chaoskube periodically kills random pods in your Kubernetes cluster.
Test how your system behaves under arbitrary pod failures.
Running it will kill a pod in any namespace every 10 minutes by default.
$ chaoskube INFO starting up dryRun=true interval=10m0s version=v0.21.0 INFO connecting to cluster master="https://kube.you.me" serverVersion=v1.10.5+coreos.0 INFO setting pod filter annotations= labels= minimumAge=0s namespaces= INFO setting quiet times daysOfYear="" timesOfDay="" weekdays="" INFO setting timezone location=UTC name=UTC offset=0 INFO terminating pod name=kube-dns-v20-6ikos namespace=kube-system INFO terminating pod name=nginx-701339712-u4fr3 namespace=chaoskube INFO terminating pod name=kube-proxy-gke-earthcoin-pool-3-5ee87f80-n72s namespace=kube-system INFO terminating pod name=nginx-701339712-bfh2y namespace=chaoskube INFO terminating pod name=heapster-v1.2.0-1107848163-bhtcw namespace=kube-system INFO terminating pod name=l7-default-backend-v1.0-o2hc9 namespace=kube-system INFO terminating pod name=heapster-v1.2.0-1107848163-jlfcd namespace=kube-system INFO terminating pod name=nginx-701339712-bfh2y namespace=chaoskube INFO terminating pod name=nginx-701339712-51nt8 namespace=chaoskube ...
chaoskube allows to filter target pods by namespaces, labels, annotations and age as well as exclude certain weekdays, times of day and days of a year from chaos.
$ helm install stable/chaoskube
Refer to chaoskube on kubeapps.com to learn how to configure it and to find other useful Helm charts.
Refer to example manifest. Be sure to give chaoskube appropriate permissions using provided ClusterRole.
chaoskube will be friendly and not kill anything. When you validated your target cluster you may disable dry-run mode by passing the flag
--no-dry-run. You can also specify a more aggressive interval and other supported flags for your deployment.
If you're running in a Kubernetes cluster and want to target the same cluster then this is all you need to do.
If you want to target a different cluster or want to run it locally specify your cluster via the
--master flag or provide a valid kubeconfig via the
--kubeconfig flag. By default, it uses your standard kubeconfig path in your home. That means, whatever is the current context in there will be targeted.
If you want to increase or decrease the amount of chaos change the interval between killings with the
--interval flag. Alternatively, you can increase the number of replicas of your
chaoskube by default kills any pod in all your namespaces, including system pods and itself.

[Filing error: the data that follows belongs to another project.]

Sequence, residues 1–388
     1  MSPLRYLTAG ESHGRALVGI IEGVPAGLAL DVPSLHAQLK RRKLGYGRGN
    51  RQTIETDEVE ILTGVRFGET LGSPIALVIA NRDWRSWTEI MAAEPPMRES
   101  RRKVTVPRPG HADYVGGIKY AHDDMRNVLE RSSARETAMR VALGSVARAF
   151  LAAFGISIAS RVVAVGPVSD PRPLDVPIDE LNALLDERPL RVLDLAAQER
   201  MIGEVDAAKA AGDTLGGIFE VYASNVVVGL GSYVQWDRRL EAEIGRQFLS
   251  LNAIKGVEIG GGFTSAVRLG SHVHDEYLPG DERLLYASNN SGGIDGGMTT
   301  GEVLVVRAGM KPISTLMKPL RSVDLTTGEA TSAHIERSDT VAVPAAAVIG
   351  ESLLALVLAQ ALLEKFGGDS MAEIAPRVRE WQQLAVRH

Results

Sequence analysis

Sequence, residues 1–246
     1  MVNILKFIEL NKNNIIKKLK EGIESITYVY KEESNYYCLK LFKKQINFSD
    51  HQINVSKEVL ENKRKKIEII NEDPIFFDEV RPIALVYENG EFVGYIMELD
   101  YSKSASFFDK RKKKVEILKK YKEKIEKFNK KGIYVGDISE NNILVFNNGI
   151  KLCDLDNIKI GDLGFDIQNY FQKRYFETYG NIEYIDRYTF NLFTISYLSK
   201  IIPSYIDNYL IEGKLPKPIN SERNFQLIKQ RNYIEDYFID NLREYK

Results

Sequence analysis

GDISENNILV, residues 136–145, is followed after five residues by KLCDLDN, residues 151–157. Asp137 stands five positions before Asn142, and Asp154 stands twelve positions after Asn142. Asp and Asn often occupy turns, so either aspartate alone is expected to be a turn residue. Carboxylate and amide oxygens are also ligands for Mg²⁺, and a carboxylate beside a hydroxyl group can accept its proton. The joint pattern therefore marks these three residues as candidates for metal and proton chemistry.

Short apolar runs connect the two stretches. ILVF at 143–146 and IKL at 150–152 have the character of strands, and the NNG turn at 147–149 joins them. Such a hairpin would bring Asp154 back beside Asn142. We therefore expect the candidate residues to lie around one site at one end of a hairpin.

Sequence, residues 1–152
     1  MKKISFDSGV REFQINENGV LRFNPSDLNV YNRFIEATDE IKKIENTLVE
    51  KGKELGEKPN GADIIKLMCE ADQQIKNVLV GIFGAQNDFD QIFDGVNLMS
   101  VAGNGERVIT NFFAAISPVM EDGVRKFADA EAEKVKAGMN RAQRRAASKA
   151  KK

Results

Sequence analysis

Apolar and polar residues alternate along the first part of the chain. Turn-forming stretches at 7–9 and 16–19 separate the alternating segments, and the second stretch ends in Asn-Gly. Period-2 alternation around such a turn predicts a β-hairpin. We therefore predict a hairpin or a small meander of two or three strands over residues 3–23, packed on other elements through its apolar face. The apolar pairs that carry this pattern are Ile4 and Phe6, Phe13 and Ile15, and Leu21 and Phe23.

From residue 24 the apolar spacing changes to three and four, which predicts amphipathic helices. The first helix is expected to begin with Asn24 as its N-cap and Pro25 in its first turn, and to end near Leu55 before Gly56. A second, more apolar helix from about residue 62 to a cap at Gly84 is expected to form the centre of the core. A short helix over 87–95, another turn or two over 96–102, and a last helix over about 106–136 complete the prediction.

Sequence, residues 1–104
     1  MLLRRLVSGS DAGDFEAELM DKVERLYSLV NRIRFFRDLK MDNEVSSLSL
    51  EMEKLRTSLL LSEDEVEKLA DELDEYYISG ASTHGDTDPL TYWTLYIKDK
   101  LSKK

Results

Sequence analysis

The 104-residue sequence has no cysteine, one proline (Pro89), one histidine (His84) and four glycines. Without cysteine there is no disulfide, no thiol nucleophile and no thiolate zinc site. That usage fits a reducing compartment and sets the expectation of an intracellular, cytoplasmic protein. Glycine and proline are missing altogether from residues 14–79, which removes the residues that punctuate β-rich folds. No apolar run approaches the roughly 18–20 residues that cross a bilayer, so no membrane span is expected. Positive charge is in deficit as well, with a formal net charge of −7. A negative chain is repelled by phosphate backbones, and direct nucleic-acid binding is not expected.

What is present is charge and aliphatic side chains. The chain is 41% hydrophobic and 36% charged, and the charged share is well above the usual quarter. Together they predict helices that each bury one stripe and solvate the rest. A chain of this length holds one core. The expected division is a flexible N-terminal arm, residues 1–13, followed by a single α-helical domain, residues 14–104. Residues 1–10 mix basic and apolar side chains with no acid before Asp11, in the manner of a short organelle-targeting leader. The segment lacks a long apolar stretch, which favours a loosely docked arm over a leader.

chaoskube provides a simple HTTP endpoint that can be used to check that it is running. This can be used for Kubernetes liveness and readiness probes. By default, this listens on port 8080. To disable, pass
However, you can limit the search space of
chaoskube by providing label, annotation, and namespace selectors, pod name include/exclude patterns, as well as a minimum age setting.
$ chaoskube --labels 'app=mate,chaos,stage!=production' ... INFO setting pod filter labels="app=mate,chaos,stage!=production"
This selects all pods that have the label
app set to
mate, the label
chaos set to anything and the label
stage not set to
production or unset.
You can filter target pods by namespace selector as well.
$ chaoskube --namespaces 'default,testing,staging' ... INFO setting pod filter namespaces="default,staging,testing"
This will filter for pods in the three namespaces
Namespaces can additionally be filtered by a namespace label selector.
$ chaoskube --namespace-labels='!integration' ... INFO setting pod filter namespaceLabels="!integration"
This will exclude all pods from namespaces with the label
You can filter target pods by OwnerReference's kind selector.
$ chaoskube --kinds '!DaemonSet,!StatefulSet' ... INFO setting pod filter kinds="!DaemonSet,!StatefulSet"
This will exclude any
$ chaoskube --kinds 'DaemonSet' ... INFO setting pod filter kinds="DaemonSet"
This will only include any
Please note: any
include filter will automatically exclude all the pods with no OwnerReference defined.
You can filter pods by name:
$ chaoskube --included-pod-names 'foo|bar' --excluded-pod-names 'prod' ... INFO setting pod filter excludedPodNames=prod includedPodNames="foo|bar"
This will cause only pods whose name contains 'foo' or 'bar' and does not contain 'prod' to be targeted.
You can also exclude namespaces and mix and match with the label and annotation selectors.
$ chaoskube \ --labels 'app=mate,chaos,stage!=production' \ --annotations '!scheduler.alpha.kubernetes.io/critical-pod' \ --namespaces '!kube-system,!production' ... INFO setting pod filter annotations="!scheduler.alpha.kubernetes.io/critical-pod" labels="app=mate,chaos,stage!=production" namespaces="!kube-system,!production"